Lessons Learned

Students learning together

Humans learn by study, observation, practice and success and failure.  

Learning by way of rewards and penalties is how an animal learns. They perform an action and either receive a reward or a penalty. After a few experiences, a simple creature will naturally avoid the penalty in the future and will tend to move in the direction of the reward. This is reactive learning and can be seen in simple organisms and even in plants.

When a young person uses a psychotropic drug for the first time, a process of learning begins. Whether the experience is pleasant or not, painful or comfortable, the activity is being learned and the results of the lesson will be recorded. If another use of the same substance creates the same effect, the lesson is reinforced and so on.

This is education on a very primitive level. And following these lessons in spite of new evidence is the essence of reaction, rather than thought. An example of this would be Pavlov and his little dog. As long as the dog continues to salivate at the sound of the bell, it is pure reaction; reactive thinking.

But what if we begin to ring the bell and no food arrives? It wouldn’t take very long before the bell becomes ineffective. Now the learning process is becoming a bit more involved.

The alternative is what is known as proactive thinking, or analytical thinking. At this point there is a weighing in of many more factors than just the immediate gratification. When the perceived reward for using an addictive drug begins to propel the user into more and more frequent use, it’s said a dependency is developing.

Around this point the perceived pleasure will diminish and without the help of the drug, experiencing pleasure becomes more and more difficult . If use continues in spite of adverse consequences and attempts to stop, we have satisfied the definition of addiction.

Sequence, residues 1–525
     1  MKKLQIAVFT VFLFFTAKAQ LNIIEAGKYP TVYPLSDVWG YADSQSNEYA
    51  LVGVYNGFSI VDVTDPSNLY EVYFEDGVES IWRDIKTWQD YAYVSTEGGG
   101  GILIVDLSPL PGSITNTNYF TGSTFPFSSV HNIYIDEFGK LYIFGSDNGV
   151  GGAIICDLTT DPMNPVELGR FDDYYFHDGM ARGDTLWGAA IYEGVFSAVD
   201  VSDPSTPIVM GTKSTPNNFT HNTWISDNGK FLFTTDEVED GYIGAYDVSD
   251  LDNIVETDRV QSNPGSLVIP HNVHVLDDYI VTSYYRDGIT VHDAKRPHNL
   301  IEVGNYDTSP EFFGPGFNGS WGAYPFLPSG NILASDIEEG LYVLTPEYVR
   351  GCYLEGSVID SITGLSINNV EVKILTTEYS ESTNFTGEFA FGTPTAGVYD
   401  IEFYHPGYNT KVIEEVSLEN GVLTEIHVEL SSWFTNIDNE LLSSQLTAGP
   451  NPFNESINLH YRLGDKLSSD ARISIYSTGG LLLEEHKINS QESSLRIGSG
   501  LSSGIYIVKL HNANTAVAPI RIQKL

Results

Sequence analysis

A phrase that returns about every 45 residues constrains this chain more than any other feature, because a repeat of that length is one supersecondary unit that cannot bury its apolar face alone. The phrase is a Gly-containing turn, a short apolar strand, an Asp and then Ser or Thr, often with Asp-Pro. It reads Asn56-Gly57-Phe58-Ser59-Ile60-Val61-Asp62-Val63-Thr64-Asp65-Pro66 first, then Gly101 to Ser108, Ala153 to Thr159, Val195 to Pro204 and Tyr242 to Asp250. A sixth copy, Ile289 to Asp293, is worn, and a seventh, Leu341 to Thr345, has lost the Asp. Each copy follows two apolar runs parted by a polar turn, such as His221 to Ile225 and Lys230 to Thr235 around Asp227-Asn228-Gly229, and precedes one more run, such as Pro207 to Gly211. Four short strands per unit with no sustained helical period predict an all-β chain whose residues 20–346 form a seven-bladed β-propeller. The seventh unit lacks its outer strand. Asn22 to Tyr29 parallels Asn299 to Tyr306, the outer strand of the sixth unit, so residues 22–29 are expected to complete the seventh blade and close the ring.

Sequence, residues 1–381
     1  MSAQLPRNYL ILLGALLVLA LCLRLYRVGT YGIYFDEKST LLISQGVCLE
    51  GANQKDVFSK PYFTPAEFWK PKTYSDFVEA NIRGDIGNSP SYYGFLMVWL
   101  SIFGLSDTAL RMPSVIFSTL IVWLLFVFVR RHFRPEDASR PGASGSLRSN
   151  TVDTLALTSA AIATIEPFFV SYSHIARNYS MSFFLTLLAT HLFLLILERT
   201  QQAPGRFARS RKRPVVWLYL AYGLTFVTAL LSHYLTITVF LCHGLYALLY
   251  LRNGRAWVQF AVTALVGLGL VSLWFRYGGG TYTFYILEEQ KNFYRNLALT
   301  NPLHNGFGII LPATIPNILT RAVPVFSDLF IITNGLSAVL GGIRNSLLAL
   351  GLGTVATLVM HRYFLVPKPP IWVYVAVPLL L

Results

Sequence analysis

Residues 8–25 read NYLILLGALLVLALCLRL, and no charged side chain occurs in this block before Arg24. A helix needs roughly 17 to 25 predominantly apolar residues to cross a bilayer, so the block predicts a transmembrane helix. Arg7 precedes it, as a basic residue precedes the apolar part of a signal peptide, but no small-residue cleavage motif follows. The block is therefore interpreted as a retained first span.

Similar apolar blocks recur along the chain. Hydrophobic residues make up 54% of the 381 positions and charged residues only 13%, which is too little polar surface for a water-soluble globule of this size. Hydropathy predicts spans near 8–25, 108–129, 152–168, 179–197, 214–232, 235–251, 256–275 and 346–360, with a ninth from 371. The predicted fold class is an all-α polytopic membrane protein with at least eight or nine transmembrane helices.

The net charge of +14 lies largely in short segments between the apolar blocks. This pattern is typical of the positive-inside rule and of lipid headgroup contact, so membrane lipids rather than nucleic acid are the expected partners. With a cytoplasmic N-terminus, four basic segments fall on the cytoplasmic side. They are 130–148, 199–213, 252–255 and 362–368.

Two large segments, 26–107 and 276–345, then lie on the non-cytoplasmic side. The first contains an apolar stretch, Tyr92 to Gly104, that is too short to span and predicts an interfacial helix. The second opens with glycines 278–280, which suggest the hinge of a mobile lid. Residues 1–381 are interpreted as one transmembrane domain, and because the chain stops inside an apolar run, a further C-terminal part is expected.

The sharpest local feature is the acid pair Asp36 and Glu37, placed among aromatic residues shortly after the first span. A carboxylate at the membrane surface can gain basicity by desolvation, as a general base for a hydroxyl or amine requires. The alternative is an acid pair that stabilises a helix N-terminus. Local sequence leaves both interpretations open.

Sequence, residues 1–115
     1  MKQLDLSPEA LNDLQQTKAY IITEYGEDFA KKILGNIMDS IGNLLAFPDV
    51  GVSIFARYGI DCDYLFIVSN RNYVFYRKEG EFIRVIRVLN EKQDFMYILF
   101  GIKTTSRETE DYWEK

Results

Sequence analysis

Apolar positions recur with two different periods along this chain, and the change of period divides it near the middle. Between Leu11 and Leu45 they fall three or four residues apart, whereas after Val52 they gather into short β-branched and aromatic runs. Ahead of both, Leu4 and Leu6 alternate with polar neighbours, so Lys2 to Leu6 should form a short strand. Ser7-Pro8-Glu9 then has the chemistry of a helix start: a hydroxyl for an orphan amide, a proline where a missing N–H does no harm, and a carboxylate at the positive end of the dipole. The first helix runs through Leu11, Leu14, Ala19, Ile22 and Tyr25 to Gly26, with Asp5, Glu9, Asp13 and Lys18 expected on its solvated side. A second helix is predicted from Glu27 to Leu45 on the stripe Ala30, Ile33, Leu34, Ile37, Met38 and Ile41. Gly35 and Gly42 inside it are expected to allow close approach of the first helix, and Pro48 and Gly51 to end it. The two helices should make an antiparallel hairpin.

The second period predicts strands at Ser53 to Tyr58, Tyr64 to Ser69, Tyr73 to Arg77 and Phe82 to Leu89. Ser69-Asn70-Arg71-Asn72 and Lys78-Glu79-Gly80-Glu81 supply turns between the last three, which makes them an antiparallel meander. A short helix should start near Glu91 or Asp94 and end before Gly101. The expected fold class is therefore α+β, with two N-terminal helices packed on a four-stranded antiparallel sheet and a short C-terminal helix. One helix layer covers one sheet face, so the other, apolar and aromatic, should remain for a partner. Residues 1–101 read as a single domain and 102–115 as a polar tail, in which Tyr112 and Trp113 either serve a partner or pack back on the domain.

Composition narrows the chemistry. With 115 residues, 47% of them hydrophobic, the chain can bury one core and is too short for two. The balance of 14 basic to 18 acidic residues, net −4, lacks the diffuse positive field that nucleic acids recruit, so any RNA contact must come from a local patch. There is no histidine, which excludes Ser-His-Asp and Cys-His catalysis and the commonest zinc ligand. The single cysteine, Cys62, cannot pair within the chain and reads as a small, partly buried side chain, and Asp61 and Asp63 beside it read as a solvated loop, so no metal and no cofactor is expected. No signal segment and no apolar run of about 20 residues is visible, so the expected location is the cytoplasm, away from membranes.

Addiction is a learned behavior.

The addict is learning. Learning to hide, to lie to himself and others. He learns which drugs create the most desirable effect and, hopefully, his personal limits. But as long as he continues using the drug the addiction is building and the amounts used are increasing. All this is following lessons learned.

In years past, attempts were made to lay more lessons atop the lessons of addiction. Called “Aversion Therapy” or ”Behavior Modification,” addicted patients were basically punished for thinking certain thoughts that were associated with the drug use. Smokers were given electric shocks when puffing on a cigarette, drinkers were given medications designed to cause them to become violently ill if they consumed alcohol. The idea was to learn to avoid the unwanted behavior reactively. 

Some researchers even claimed they were helping the addict to un-learn addiction.

UN-learning is impossible.

The truth is you can’t unlearn something. You might temporarily forget how to do it, but barring any physical damage, it can come back to you. Without some physical changes, you can’t unlearn to walk, to write or speak. So why would it make sense to try and unlearn an addiction?

Rather than counter-learning on a reactive level, the answer to addiction is to learn completely new lessons. Learning to live happily without the crutches of drugs or drink is more than possible, we’re accomplishing that every day at Narconon Warner Springs.

Our graduates don’t return home only to struggle against their former addiction and the old lifestyles. They are armed with the tools they need to move forward in life and build a future. They’re equipped to repair the damages they did while under the influences of drugs and the druggie lifestyle and begin again with a real purpose and essential life skills. Compared to the road they were on, it’s like a completely new existence, another chance to show the world what they actually are capable of.


Tony Bylsma

Tony Bylsma has been working for Narconon as a counselor, administrator and educator in various areas of the US for many years. In addition to helping people overcome their addictions and live drug-free lives, Tony has spoken to over six hundred thousand students, parents and professionals regarding drug abuse and effective abuse prevention. This year Tony is celebrating his 40th year of sobriety!